It was the right decision to make. Soft, light prawn dumplings, cooked well to ensure a bit of chew from the beautifully-ridged casing before reaching the yielding, sweet prawn inside. Alone, they might be a bit too delicate for some, but its the sauce that makes it. The sweetness of chilli, salty savoury umami soy, and a heat that envelopes the dumplings, tickling them into something far from delicate and leaving you wondering if four of these little clamshell-shaped beauties will be enough,

George Kilsby

It’s the kind of dish that makes you excited for the next course – and in my case glad that I’ve stuck to exploring the dishes that showcase Hari’s South Indian cooking. Fish and chips, burgers, pizzas and pasta might be national faves, but show me a dish of Keralan Tiger Prawns and roasted Cornish cod and I’m there.

The aroma is enough to suggest I’ve made the right decision and the flavour confirms it. Spice-laden, muted by coconut milk to form a classic Keralan moilee fish curry. The thin sauce is laced with prawns and chunks of butternut squash, while the cod is cooked enough to be tender but hasn’t lost its texture. Samphire (one of my favourites) adds a crunchy saltiness and that unmistakeable taste of the sea. The basmati rice is, predictably, beautiful and a welcome break from the microwaved pap you so often get served up in pubs.

George Kilsby

Jamie goes for the chargrilled Argentinian ribeye steak. I hear a fellow diner was furious at the fact it’s Argentinian rather than British, and I agree that the question needs to be asked, but The George is far from the only pub to still be buying meat from overseas, and the saving grace is that it appears to be good quality.

It’s 28-day matured and they sous vide it before searing it ahead of serving. I understand why. I’m no expert, but plenty of people reverse sear steak – cook it on a low heat, then finish it on high heat for the ‘sear’ (or Maillard reaction for the scientific people). I’m sure it works brilliantly in some cases, but given that Jamie likes a rare steak I’m not quite sure it works in every single situation and he agrees that while it’s tasty and succulent, he would have been as happy with a classically cooked steak that’s whacked on the grill.

If sides are what you like, you’re spoiled here with every grill dish coming with both truffle mash and fries, rather than you having to choose. There’s a fresh crispy slaw and a portion of roasted garlic mushrooms and a choice of sauces to please all tastes. It’s a good steak – just maybe not the greatest I’ve ever had.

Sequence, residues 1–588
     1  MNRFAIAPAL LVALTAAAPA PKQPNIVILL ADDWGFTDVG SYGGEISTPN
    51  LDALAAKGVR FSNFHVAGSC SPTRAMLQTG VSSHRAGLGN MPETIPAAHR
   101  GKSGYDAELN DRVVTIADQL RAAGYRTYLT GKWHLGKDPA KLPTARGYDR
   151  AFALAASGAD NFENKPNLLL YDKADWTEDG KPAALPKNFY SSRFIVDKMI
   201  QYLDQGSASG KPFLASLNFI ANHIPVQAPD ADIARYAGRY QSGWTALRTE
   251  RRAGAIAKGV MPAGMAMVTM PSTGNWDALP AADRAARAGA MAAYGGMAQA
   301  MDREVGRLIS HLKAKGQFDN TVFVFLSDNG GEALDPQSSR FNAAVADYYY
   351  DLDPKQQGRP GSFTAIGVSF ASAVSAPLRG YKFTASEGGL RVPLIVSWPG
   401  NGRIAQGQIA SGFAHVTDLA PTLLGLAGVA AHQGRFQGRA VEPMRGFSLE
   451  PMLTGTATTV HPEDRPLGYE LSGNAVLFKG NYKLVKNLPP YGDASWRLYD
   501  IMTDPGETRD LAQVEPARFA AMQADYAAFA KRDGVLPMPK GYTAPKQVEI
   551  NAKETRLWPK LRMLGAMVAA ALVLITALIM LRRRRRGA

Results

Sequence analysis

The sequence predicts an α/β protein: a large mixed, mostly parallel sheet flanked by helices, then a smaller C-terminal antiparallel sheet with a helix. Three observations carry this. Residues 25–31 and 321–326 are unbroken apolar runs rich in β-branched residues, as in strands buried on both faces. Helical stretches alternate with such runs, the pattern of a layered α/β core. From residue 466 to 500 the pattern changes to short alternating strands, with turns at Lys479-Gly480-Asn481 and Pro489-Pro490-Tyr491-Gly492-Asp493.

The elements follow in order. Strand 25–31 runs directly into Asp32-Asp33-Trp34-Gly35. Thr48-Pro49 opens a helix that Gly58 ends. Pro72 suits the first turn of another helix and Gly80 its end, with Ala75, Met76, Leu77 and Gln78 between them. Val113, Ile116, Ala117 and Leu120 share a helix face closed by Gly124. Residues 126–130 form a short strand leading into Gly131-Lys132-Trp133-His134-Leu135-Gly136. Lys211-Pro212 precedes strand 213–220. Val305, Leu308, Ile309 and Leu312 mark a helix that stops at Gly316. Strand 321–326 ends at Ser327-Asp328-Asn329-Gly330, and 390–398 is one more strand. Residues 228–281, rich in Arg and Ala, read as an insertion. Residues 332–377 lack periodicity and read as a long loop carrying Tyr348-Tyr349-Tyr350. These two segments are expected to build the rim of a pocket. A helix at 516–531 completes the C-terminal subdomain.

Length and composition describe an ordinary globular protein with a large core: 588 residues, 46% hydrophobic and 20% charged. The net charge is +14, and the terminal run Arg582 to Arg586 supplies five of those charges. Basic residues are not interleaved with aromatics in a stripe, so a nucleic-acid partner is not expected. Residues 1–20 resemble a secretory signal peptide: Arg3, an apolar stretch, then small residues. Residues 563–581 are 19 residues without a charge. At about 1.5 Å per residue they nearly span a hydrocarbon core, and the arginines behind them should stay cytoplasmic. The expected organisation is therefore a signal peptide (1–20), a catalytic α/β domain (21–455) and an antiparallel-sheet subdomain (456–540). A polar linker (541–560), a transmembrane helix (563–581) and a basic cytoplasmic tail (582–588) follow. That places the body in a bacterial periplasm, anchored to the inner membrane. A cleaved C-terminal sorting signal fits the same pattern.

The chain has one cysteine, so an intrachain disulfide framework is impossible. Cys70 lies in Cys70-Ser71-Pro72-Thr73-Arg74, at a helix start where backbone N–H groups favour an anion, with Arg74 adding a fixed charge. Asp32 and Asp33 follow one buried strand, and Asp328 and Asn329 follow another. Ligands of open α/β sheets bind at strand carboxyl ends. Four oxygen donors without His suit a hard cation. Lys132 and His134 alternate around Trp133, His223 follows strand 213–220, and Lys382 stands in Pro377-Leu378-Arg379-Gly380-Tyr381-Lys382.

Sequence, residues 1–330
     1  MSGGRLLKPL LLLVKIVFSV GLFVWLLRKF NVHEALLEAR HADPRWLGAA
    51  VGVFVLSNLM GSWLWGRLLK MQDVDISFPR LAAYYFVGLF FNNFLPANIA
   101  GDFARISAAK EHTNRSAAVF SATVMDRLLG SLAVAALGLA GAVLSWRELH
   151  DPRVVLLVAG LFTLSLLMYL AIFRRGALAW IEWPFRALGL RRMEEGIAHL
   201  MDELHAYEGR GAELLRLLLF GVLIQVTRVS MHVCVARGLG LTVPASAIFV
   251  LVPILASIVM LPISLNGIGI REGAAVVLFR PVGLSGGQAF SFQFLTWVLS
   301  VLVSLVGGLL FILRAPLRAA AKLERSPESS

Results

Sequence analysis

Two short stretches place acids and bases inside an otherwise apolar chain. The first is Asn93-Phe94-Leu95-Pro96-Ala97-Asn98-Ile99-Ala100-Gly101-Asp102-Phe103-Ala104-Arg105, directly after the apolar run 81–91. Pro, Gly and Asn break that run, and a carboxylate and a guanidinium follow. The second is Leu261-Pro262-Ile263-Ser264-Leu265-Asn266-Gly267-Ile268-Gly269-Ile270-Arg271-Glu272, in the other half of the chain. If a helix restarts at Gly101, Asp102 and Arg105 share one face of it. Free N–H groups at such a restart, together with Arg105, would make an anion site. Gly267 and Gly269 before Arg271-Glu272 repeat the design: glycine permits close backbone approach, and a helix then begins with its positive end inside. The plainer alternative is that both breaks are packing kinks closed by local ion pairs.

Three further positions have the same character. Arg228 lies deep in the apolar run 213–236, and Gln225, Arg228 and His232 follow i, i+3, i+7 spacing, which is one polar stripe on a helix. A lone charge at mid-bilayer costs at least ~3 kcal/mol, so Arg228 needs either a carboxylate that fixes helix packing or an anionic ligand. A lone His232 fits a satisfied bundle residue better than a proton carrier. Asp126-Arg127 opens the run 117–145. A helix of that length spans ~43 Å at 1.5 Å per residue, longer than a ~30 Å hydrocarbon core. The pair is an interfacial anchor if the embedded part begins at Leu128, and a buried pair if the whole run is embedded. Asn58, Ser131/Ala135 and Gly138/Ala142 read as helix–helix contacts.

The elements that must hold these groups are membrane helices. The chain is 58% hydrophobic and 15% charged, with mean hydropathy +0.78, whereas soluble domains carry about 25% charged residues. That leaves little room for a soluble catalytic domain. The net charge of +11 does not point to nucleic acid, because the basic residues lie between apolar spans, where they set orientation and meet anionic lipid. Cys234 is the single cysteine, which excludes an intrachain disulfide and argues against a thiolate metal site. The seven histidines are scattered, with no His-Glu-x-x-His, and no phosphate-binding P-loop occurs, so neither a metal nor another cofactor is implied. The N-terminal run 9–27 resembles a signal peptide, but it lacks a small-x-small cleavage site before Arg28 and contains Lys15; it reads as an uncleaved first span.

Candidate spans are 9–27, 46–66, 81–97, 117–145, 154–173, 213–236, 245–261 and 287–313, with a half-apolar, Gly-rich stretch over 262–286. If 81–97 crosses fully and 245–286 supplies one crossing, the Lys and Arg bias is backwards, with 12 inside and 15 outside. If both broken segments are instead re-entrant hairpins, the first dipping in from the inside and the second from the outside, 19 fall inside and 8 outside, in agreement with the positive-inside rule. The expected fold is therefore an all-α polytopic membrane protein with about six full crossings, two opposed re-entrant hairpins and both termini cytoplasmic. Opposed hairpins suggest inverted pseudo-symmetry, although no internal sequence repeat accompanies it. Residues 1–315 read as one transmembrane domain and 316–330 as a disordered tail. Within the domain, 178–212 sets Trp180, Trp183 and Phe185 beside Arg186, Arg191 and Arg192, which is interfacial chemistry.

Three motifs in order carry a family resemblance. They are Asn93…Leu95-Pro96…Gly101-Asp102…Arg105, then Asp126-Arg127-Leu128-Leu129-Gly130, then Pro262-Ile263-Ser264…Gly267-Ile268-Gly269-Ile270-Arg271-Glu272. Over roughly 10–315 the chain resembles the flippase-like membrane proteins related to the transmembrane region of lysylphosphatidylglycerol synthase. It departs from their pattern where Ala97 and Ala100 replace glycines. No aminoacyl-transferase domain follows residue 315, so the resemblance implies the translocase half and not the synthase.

The George Kilsby

We’re full but I’m assured by Andrea, as well as Amy who is proof that the front of house’s expertise isn’t limited to one person but extends across the whole team, that avoiding dessert is unacceptable. We go for white chocolate cookie dough because who doesn’t like cookie dough? Served in a cast iron skillet, it’s soft, yielding and sweet as hell. Then topped with ice cream, toffee sauce, white chocolate shavings and marshmallow just to ensure that any sugar high really is the real deal.

George Kilsby

As ever, my picture doesn’t do it justice, but kind of reflects the reality. Which is that it’s not delicate, intricate and an aesthetic work of art, but is sweet as hell, easy to scoff and the perfect pub pudding. Which really is all you want sometimes.

I’m guilty of waxing lyrical about local places because I desperately want to see my town and the areas around it thrive when it comes to food and drink. But I’d never tell you somewhere was good if it wasn’t. And the truth is, my opinion doesn’t count more than anyone else’s. But we’ll take the fact that The George has opened to a great reception and is already packed out on a week night as confirmation that they’re doing something right.

It’s also the start of a journey. We’re being teased a little with chef Hari’s experience and background while everyone gets used to a great local pub being open again. But personally, I can’t wait until we see a little more of that and can taste more of where those prawn momos and that curry came from. At the moment, we’ve got a lovely village pub doing classics and a couple of interesting additions – but soon it really could be a unique offering for our area.

[Disclosure: We were given a complimentary meal at The George for the purposes of this blog. We paid for all of our drinks, bar one]